By Frank Blechman
I am about to say something here that should discredit me as a political pundit forever. I like underdogs and longshots. I celebrate those out of step with their times, those who use honesty and integrity to overcome inertia, bias, and dysfunction.
Last Friday (June 11) marked the birthdays of two of my heroes.
Jeanette Rankin was born in 1888 in the Montana territory. She grew up in the frontier ethic of self-reliance and self-sufficiency. Well-educated and strong-minded, she was involved in women’s rights, temperance, and other progressive issues. When Montana legalized women’s suffrage in 1914 (six years before the 19th Amendment to the Constitution was adopted), she saw an opening. She was the first woman elected to Congress, in 1916. She served two terms. A lifelong pacifist, she was the only member of Congress to vote against US entry into World War I. She lost her seat in 1918. Elected to a second term in 1940, she was the only member of Congress to vote against US entry into World War II. She lost her seat in 1942. Until her death in 1973, she remained an outspoken advocate for peace and justice.
I celebrate those out of step with their times, those who use honesty and integrity to overcome inertia, bias, and dysfunction.
Jacques Cousteau was born in 1910 in France. A disabling accident cut short his plans to be an aviator, but led instead to a career as a naval intelligence officer before World War II, and as an expatriate naval officer, working with the French resistance during it. After the war, he turned his attention to exploration, developing equipment and techniques for underwater photography, which led him to create the first successful undersea breathing system, the predecessor of the ‘aqualung.’ His films and books won him worldwide fame, although his crusades for environmental preservation were often unsuccessful. Until his death in 1997, he remained a technical pioneer and a moral exemplar.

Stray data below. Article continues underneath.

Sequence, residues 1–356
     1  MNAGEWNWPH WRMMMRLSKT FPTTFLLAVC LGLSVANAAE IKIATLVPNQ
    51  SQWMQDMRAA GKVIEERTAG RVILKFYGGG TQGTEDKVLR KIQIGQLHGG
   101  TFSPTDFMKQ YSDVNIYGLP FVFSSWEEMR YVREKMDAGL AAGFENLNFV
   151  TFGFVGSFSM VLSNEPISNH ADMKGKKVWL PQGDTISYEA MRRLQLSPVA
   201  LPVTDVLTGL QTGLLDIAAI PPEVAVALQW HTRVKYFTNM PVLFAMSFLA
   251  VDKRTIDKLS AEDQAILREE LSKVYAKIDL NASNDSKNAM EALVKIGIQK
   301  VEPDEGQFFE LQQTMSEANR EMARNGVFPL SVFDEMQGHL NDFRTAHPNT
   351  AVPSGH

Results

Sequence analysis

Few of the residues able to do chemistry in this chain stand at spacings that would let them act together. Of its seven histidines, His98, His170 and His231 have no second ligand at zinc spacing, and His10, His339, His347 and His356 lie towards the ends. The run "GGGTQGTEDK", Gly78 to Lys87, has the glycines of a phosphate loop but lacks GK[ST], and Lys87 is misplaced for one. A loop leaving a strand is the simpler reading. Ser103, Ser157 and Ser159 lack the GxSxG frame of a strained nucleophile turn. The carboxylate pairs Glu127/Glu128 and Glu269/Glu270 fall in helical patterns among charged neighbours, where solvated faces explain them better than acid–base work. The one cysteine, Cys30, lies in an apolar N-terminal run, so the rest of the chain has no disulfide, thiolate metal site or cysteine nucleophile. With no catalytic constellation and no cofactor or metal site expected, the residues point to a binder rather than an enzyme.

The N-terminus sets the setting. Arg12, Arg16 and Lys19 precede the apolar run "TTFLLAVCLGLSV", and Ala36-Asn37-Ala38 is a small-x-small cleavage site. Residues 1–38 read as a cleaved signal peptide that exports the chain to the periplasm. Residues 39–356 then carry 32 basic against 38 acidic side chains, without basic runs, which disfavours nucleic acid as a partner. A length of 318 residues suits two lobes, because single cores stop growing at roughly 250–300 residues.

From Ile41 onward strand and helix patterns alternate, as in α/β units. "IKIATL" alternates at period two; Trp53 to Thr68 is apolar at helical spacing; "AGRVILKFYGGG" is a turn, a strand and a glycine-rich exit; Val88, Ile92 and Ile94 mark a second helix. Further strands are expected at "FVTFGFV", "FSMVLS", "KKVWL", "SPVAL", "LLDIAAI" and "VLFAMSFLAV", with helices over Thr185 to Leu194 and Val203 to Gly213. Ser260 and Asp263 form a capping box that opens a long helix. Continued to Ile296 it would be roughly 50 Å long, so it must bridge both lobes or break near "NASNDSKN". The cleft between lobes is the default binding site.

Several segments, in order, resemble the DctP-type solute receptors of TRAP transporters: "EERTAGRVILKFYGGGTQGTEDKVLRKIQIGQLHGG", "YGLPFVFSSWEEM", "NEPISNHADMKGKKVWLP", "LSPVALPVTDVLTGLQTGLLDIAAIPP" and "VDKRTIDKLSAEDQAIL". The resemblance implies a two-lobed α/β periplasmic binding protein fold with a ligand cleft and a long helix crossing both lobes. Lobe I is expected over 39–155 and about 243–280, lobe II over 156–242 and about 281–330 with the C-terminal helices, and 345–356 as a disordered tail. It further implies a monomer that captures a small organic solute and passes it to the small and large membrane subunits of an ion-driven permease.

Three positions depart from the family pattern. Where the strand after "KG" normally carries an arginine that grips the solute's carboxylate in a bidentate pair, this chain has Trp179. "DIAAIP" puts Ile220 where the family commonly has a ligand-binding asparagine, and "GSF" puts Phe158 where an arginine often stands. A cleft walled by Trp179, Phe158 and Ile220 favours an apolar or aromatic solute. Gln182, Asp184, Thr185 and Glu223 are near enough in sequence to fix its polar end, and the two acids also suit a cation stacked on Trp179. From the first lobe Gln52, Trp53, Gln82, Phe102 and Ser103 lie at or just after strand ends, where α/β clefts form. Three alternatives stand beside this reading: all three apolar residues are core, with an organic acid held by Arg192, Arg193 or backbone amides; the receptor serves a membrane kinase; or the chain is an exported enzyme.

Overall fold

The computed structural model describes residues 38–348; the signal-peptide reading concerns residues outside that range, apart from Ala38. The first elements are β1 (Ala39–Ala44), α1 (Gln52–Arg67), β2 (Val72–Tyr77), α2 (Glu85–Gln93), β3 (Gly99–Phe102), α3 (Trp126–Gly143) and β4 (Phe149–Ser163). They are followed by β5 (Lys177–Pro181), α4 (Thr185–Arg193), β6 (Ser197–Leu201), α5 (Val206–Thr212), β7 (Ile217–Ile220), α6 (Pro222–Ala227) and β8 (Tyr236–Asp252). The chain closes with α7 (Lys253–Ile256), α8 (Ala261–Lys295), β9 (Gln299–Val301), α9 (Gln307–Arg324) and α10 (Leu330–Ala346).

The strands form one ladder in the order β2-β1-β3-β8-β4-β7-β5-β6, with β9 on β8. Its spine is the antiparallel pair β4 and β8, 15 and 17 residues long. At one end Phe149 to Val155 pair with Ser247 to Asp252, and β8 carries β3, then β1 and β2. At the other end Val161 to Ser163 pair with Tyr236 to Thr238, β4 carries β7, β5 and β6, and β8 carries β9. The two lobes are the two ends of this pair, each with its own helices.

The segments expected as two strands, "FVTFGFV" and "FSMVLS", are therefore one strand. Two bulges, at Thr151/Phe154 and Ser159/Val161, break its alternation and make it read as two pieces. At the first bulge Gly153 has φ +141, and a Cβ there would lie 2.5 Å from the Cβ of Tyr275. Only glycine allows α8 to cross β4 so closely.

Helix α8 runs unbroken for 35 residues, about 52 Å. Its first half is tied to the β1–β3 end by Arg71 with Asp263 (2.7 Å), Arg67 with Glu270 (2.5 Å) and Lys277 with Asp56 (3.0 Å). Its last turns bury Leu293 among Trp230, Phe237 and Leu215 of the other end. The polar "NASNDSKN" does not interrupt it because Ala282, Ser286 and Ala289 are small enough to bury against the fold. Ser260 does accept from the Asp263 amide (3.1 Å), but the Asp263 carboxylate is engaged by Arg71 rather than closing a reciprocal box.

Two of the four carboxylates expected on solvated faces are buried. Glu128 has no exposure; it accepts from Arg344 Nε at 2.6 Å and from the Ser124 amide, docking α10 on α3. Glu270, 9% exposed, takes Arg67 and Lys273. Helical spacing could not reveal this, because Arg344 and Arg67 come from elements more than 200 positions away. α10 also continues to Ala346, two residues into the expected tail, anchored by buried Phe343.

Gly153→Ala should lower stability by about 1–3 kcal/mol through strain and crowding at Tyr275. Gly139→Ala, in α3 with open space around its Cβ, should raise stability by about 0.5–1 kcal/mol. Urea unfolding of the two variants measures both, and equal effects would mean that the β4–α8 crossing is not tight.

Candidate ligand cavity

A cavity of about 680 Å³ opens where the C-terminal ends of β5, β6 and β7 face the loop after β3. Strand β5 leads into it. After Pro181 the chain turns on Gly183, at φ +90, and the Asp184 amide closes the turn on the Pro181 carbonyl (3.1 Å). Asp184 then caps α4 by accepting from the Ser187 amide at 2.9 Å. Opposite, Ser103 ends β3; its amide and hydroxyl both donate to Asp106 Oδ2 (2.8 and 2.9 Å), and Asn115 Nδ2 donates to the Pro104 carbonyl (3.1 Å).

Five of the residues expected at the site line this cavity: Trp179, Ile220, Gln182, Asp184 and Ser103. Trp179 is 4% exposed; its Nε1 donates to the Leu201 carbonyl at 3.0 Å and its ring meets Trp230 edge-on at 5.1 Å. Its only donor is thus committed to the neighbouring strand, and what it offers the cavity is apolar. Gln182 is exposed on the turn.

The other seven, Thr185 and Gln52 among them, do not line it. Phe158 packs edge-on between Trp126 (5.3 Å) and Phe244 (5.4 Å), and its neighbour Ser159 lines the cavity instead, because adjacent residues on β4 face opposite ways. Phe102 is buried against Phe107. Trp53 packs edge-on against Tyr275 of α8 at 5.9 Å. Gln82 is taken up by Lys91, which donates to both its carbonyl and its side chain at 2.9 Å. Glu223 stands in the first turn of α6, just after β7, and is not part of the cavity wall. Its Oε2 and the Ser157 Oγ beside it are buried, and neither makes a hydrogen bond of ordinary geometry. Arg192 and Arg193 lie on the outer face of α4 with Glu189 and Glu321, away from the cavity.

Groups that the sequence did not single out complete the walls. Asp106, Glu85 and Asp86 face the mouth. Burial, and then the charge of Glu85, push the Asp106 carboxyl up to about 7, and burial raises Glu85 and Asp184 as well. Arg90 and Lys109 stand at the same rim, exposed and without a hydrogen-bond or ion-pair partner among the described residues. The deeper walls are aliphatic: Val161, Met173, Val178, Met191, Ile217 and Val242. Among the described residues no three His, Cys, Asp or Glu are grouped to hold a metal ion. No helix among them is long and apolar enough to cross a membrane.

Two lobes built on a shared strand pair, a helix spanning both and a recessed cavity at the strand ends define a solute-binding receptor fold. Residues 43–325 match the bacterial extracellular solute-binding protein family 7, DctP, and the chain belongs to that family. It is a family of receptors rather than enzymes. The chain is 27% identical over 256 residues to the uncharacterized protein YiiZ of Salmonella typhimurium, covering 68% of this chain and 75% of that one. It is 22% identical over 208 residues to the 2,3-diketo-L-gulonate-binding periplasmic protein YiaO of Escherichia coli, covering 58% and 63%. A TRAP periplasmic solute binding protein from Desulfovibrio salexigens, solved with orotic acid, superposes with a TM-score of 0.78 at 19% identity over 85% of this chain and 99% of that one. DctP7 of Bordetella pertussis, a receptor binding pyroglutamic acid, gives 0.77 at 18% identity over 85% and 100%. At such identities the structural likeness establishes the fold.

Both of these people were “political,” although one ran for public office and one did not. Both understood that public policy needed public support, seeking to lead by personal example. Both enjoyed public acclaim and grudging respect, but both were willing to take unpopular stances that cost them badly needed support. Both took the ‘long view’ of their roles in history, hopeful – if not always confident – that their actions would be viewed positively by those who came after them.
Rankin and Cousteau may have been marching to their own drummers, but both were keenly aware of and responsible for the impact their actions had on others.
To be clear, I don’t celebrate these people’s lives just because they were contrarian, or because they were innovative. Lots of people say outrageous things to get attention, not caring what damage they do. Others develop and promote new ideas without thinking through the consequences. In contrast, Rankin and Cousteau may have been marching to their own drummers, but both were keenly aware of and responsible for the impact their actions had on others.
I celebrate their vision, their courage, and their longevity. In my view, they were both very special people worthy of respect and emulation.